There’s a part of me that is relieved that all the diapers, bottles, pacifiers, crying in the middle of the night, and never being able to put the baby down is over. Then there’s another part of me that’s deeply sad that I didn’t treasure those fleeting baby years more. When your baby looks to you for its existence but also looks at you like you are the most amazing human being to ever walk the earth because you got him a bottle of milk when he wanted it.  Or when he reaches out to grab your nose to make sure it’s real. And when he giggles at a game of peak-a-boo because it’s the funniest thing he’s ever seen in his life. They are all just memories now contained in a light blue baby album yet it seems like it was just yesterday.

Dora, Why Are You So Dumb?

26 May
For those of you who don’t have kids, this probably won’t make much sense. For those that do and have been subjected to Dora the Explorer, you’ll love this:

My 7 year-old daughter and my four year-old son were watching Dora the other day. As it usually goes, Dora and Boots are trying to find something the map told them to find so they can save some poor little, baby fish, pony, dinosaur, iguana, or whatever find its Mommy. In this episode, Dora and Boots have to find the “big ocean.” We enter the scene in progress:

Dora: I don’t see the big ocean. Do you see the big ocean?

*pause*

My Daughter: Dora, why can’t you see the ocean? It’s right there! Why are you so dumb?

My Son: Yea, you’re dumb Dora.

I was eating Cheerios when my children said these things. I proceeded to spew what was in my mouth across the kitchen counter laughing my butt off.

Yup, those are my kids.

Childhood Fears

11 Jan


My seven year-old is going through that phase where she’s facing childhood fears, and it’s tough. The Hubby and I are trying to give her tools to deal with these fears such as telling her that she can replace scary thoughts with happy thoughts. We’ll sit with her before she goes to bed and discuss all the happy thoughts she can think of whenever she feels scared. It works sometimes, but then she still wakes up at 3am and wants one of us to go with her to the bathroom so the monsters don’t get her.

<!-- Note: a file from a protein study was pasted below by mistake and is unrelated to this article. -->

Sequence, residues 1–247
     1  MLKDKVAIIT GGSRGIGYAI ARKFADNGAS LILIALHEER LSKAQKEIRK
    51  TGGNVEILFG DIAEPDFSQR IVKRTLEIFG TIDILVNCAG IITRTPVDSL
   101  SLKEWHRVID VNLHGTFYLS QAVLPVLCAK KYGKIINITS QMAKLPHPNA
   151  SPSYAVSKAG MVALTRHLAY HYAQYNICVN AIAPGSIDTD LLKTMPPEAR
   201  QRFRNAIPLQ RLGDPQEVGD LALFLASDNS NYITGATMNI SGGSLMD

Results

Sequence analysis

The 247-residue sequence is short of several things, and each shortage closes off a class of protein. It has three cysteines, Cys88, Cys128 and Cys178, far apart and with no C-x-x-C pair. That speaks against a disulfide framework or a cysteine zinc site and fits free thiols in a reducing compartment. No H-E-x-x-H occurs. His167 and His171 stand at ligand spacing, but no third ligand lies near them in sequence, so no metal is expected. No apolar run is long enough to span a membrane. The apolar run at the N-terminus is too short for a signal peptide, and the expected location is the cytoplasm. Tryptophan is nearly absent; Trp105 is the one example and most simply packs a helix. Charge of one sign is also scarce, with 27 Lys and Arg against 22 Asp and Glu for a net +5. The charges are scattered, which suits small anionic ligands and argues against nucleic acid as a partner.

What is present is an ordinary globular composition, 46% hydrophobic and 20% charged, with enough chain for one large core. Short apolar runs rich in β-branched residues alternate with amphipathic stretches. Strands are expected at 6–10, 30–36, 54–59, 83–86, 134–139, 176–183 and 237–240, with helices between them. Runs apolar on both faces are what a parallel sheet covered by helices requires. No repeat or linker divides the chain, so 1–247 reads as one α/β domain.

We’ve also tried having her draw a picture of what scares her. Then we ask her to draw how she would stop the monster if she could. She drew a picture of a monster with red glowing eyes who was saying, “I am going to eat you!” She then drew a picture of herself with fists in the air telling the monster to “Stop! And go away!” After that, she crumpled up the picture and threw it in the trash. This helped for a little bit but then she admitted she was still scared of the monster with glowing red eyes who waits down the hall for her when she has to get up and go potty in the middle of the night.

For now, we are still getting up with her in the wee hours of the morning to help her go potty but we’re wearing thin when we can’t sleep well or if we have to get up early in the morning. I try to remember my own childhood fears and when I used to get up and sleep at the foot of my parents bed because I thought there was a boogieman outside of my window. I remember feeling terrified and so alone when everyone was asleep. I just wanted someone to make the boogieman go away…

It’s hard to get inside the mind of your child and help him or her with childhood fears. You don’t want to coddle them because then they aren’t really dealing with the fears but on the other hand, you also want to let them know they are safe and that you will always be there for them when they need you. I can’t wait for this phase to pass. But then there will be another phase we’ll have to deal with…ahhhh, the joys of parenthood.